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establishments would make to his capital, would obtain the means of employing a still greater amount afterwards. A person who spends his income in giving expensive entertainments, or in purchasing articles of mere luxury, consumes in a concentrated form upon himself and his immediate friends an amount of wealth, which, if realized in a plainer shape, would afford subsistence and comfort to hundreds and thousands of his fellow-citizens. In saying this, we mean not, however, to intimate that expensive entertainments are never to be given, or that articles of mere luxury are never to be purchased. The advantages resulting to the community, under a moral and political point of view, from an expensive public dinner given to an eminent citizen, as a mark of respect for his talents and virtues, may very far outweigh the injury occasioned by the loss of the money that it costs. Pictures, statues, theatrical exhibitions, music, poetry, and eloquence, are all, economically viewed, no better than luxuries; but by refining and elevating the public taste, encouraging the social feelings, and giving a loftier and nobler cast to national character, they reward the community for the labor devoted to them, by benefits, of which the value,- like that of the Union,-is not to be calculated. While, therefore, considered merely in reference to the labor they employ, disbursements for these and similar objects may be absolutely injurious, inasmuch as they divert capital from other employments, in which it would afford occupation and support to more persons, they may yet,—within proper limits and under judicious direction, be entitled to tho encouragement of the public, as important agents in the advancement of civilization and the increase of human happiness. These are, or should be, the great objects of all our efforts. Wealth is of no value, excepting so far as it tends to promote them, and such employments of labor and capital, as serve best to effect these objects, though attended with a partial sacrifice of mere wealth, must be regarded as the most honorable to those who practise them, and the most beneficial to the community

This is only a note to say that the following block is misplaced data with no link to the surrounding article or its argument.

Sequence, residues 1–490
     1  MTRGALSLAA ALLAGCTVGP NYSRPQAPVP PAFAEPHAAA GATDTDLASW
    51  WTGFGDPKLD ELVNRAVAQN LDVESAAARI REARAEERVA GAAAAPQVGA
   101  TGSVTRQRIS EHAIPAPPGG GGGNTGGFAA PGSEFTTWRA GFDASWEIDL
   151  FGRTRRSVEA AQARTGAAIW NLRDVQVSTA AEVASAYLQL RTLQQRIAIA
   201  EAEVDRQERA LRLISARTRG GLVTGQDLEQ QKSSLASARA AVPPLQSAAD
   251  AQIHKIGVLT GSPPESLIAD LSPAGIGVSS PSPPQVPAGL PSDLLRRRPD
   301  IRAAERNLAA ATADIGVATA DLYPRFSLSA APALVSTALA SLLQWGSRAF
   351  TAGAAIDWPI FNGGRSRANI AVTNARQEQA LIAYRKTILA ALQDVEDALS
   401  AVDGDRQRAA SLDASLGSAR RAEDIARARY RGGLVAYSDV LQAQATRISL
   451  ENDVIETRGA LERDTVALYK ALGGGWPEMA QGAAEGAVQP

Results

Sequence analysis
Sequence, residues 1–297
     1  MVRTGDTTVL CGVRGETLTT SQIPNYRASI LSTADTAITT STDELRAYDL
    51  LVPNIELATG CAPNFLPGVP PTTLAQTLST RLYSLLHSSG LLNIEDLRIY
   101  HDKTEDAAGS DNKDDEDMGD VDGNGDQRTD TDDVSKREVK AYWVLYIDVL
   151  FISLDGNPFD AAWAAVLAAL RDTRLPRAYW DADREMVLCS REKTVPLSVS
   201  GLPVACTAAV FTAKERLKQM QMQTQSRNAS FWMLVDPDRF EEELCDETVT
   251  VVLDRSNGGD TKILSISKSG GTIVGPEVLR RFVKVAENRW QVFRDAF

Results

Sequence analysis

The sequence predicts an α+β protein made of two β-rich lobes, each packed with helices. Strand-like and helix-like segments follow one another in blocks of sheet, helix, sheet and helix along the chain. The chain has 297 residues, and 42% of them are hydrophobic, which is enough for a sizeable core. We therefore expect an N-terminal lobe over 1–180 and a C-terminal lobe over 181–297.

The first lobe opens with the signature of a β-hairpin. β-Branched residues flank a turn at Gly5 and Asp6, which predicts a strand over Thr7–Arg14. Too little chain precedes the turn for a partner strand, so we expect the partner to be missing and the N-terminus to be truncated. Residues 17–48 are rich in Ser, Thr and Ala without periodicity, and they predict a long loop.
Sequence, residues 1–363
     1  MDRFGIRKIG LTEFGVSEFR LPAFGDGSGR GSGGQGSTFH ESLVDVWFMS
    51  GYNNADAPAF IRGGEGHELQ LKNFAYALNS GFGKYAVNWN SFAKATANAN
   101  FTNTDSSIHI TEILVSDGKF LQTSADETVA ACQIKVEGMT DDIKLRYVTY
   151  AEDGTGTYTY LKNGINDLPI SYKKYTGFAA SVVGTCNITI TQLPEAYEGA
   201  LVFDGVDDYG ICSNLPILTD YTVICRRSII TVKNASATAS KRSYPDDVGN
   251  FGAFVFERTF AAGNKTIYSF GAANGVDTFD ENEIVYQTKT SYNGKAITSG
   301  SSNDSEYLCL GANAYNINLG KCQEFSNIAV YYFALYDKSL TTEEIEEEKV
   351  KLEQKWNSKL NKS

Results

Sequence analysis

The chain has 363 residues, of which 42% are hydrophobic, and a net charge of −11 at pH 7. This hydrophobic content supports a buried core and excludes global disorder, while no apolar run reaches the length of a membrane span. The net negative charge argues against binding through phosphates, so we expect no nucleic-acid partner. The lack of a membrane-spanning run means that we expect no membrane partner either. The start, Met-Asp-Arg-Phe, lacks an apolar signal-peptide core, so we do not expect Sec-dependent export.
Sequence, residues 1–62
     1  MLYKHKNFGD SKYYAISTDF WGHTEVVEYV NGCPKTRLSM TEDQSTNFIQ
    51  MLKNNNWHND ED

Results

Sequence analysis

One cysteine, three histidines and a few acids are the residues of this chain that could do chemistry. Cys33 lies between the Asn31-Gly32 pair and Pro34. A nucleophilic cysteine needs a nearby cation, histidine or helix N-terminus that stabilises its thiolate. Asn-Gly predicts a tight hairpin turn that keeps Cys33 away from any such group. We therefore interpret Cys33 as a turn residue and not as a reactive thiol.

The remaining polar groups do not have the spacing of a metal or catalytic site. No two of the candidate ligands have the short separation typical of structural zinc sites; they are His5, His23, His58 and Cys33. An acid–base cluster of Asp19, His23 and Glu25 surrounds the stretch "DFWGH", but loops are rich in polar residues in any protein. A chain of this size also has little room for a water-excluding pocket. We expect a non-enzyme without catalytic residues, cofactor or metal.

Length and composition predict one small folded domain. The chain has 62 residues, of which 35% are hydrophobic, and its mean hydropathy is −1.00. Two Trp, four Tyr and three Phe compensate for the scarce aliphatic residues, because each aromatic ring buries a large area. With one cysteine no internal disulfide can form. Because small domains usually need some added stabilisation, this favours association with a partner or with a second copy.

ART. II.--Poetry and Romance of the Italians.
1. Della Letteratura Italiana, Di Camillo Ugoni. III.
Tom. 12mo. Brescia. 1820. 2. Storia della Letteratura Italiana. Del cavaliere